Ted Barris: "Victory at Vimy" - Story of the Birth of a Nation

The Americans called them “an inspiration … for a generation.” The British described what they did as “the greatest victory of the war.” The French declared their achievement an “Easter gift.”

What the world witnessed that Easter Monday morning – April 9, 1917 – was a near miracle of ingenuity, co-operation and courage among volunteers of the Canadian Corps. That day, 80,000 of them – fighting for the first time as a national army – swarmed up that strategic ridge in north-central France and in a matter of hours accomplished what no Allied army had, in nearly three years of blood-letting in Europe. They seized Vimy from an entrenched German army. Some say those young citizen soldiers also breathed life into a fledgling nation – Canada.

The year 2017 marks the 100h anniversary of the Battle of Vimy Ridge. As he has in most of his now 18 books, Ted Barris looks at the “Victory at Vimy” as the story of citizen soldiers, from salt-of-the-earth communities across the Empire, melding into an army that would become known as the “shock troops” of the Allied expeditionary force. Theirs was a task-oriented army since their rank and file had come from the workplaces of cities, farms, factories, mines, fishing villages and even the universities of the country. While they had been – for the first two years of the war – serving King and Empire, at Vimy the Canadians discovered a unique new purpose – fighting for Canada; or as one man put it, “At Vimy, I felt my first full sense of nationhood.”

In a talk/visual presentation, based on his book Victory At Vimy: Canada Comes of Age, April 9 – 12, 1917 Ted Barris reconstructs the blow-by-blow moments of that historic four-day operation, that some say changed the momentum of the war. It put Allied troops in control of the strategic Vimy heights for good. For the first time, it sent the most powerful army in Europe into full retreat. It also firmly established the four Canadian Infantry Divisions as the most effective fighting force on the Western Front.

The Victory At Vimy talk/presentation also unearths new material about the Vimy experience:

  • how Canadian officers broke all the rules training rank-and-file troops;
  • how Canadian artillerymen all but assured victory during the infantry assault;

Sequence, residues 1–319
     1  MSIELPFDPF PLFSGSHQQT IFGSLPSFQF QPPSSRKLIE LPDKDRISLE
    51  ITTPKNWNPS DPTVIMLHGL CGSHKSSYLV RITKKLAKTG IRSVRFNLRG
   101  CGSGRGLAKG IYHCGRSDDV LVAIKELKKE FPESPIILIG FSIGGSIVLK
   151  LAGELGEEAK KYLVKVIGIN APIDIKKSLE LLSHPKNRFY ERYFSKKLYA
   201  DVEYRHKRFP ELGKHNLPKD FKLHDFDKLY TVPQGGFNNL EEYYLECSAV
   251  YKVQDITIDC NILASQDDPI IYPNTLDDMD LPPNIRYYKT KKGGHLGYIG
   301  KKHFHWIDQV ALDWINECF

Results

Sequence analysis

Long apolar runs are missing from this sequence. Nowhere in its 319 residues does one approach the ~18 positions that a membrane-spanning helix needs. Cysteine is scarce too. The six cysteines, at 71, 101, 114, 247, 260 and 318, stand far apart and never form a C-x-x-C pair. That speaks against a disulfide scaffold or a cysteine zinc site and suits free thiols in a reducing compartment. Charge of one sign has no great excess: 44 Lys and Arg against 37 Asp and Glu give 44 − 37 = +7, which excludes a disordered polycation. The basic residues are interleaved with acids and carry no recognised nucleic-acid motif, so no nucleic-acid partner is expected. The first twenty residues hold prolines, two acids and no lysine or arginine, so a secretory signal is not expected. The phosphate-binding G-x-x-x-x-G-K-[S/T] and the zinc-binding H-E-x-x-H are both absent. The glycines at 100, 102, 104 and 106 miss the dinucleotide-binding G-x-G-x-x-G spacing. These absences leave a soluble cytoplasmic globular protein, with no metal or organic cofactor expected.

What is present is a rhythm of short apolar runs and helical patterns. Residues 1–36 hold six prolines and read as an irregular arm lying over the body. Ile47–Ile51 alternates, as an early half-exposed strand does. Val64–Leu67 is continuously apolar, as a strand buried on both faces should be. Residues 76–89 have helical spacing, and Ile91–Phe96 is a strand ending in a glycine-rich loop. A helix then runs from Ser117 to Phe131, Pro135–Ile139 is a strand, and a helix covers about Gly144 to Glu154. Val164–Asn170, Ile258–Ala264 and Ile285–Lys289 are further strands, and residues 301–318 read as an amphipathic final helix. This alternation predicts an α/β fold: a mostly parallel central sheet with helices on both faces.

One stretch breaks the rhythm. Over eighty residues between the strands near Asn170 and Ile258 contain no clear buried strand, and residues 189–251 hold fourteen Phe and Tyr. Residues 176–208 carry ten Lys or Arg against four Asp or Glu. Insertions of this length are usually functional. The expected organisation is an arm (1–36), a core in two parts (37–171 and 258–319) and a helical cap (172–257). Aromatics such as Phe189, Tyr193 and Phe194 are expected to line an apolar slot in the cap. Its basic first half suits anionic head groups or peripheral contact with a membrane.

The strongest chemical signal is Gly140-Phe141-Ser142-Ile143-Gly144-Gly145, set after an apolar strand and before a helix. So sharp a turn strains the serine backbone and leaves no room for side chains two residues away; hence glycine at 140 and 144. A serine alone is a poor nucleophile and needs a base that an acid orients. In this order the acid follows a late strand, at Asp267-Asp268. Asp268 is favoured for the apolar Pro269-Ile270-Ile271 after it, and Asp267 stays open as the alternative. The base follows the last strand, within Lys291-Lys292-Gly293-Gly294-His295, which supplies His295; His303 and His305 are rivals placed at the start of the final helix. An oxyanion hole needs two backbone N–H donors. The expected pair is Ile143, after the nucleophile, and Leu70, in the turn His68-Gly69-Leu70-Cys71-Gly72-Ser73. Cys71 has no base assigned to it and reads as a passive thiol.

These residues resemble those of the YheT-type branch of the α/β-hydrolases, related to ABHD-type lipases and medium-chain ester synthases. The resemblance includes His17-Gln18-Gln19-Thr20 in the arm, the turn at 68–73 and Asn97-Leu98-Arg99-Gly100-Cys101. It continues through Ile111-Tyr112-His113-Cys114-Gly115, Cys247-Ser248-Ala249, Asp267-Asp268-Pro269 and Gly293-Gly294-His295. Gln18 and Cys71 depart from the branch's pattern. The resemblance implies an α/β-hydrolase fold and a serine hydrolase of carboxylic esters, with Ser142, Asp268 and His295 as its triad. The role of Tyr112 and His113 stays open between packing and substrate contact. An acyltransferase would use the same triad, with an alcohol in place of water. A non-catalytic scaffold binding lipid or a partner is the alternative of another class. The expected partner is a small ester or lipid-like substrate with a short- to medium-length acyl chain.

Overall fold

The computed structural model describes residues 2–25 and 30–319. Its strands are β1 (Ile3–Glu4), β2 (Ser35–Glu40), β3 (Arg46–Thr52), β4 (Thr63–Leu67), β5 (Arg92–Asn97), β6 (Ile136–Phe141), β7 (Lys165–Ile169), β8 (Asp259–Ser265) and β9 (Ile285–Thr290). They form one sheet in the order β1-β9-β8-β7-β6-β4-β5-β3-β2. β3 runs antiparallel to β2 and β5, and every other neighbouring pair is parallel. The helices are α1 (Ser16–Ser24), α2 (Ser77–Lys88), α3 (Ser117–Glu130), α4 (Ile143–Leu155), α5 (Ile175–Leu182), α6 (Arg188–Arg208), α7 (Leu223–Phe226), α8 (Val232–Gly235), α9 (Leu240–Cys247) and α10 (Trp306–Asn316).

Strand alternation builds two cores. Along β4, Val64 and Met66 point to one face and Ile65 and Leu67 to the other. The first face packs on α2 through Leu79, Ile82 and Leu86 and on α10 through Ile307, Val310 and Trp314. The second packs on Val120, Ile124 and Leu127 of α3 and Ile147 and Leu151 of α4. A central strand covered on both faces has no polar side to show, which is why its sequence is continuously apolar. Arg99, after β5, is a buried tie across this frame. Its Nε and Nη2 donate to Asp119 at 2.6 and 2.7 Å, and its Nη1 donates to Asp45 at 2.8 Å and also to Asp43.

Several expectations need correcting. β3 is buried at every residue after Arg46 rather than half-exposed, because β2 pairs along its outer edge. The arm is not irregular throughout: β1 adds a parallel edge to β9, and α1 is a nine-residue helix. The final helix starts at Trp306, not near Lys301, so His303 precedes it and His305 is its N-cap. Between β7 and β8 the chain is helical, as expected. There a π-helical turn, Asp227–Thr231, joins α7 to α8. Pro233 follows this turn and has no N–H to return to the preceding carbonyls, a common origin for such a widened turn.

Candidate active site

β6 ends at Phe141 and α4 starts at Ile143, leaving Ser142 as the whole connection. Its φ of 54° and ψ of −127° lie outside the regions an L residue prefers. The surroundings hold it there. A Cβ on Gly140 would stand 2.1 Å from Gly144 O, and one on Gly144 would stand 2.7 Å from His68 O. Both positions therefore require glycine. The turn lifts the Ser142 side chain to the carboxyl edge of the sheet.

• the premonitions a Canadian sergeant awarded the Victoria Cross posthumously that day;
  • the vital role played by women medical personnel behind the lines;
  • how Canadian strategists disguised the entire operation; and,
  • how plans for the victory at Vimy nearly came undone just days before the main assault.

As Canadian and French officials prepare for 100th anniversary observances at the Vimy Memorial, on April 9, 2017, Ted Barris illustrates how Canada’s victory at Vimy was truly born in the heads and hearts of the Canadian communities whose sons fought there. 


Ted Barris is an award-winning journalist, author, and broadcaster. For more than 40 years, his writing has regularly appeared in the national press, as well as magazines as diverse as Legion, Air Force, esprit de corps, Quill and Quire, and Zoomer. He has also worked as host/contributor for most CBC Radio network programs and on TV Ontario. He is a full-time professor of journalism and broadcasting at Toronto’s Centennial College.

Barris is the author of 18 bestselling non-fiction books, including a series on wartime Canada: Juno: Canadians at D-Day, June 6, 1944Days of Victory: Canadians Remember 1939-1945Behind the Glory: Canada’s Role in the Allied Air WarDeadlock in Korea: Canadians at War, 1950-1953Victory at Vimy: Canada Comes of Age, April 9-12, 1917Breaking the Silence: Veterans’ Untold Stories from the Great War to Afghanistan. In June 2014,The Great Escape: A Canadian Story won the2014 Libris Non-Fiction Book of the Year Award (shared with astronaut Chris Hadfield).

In 2015, Barris released his 18th book Fire Canoe, a Mark Twain-like retelling of 19th steamboat history on Canada’s major western waterways. Set in a time when Mounted Police, fur traders, gold seekers and settlers mixed with aboriginal pilots, stevedores and crew, these first-hand tales depict a frontier Canada rife with speculation, gambling, rebellion and dog-eat-dog steamboat competition in the wild Canadian West. It’s said the coming of steamboats to the Western territories ensured that Canada would stretch from sea to sea.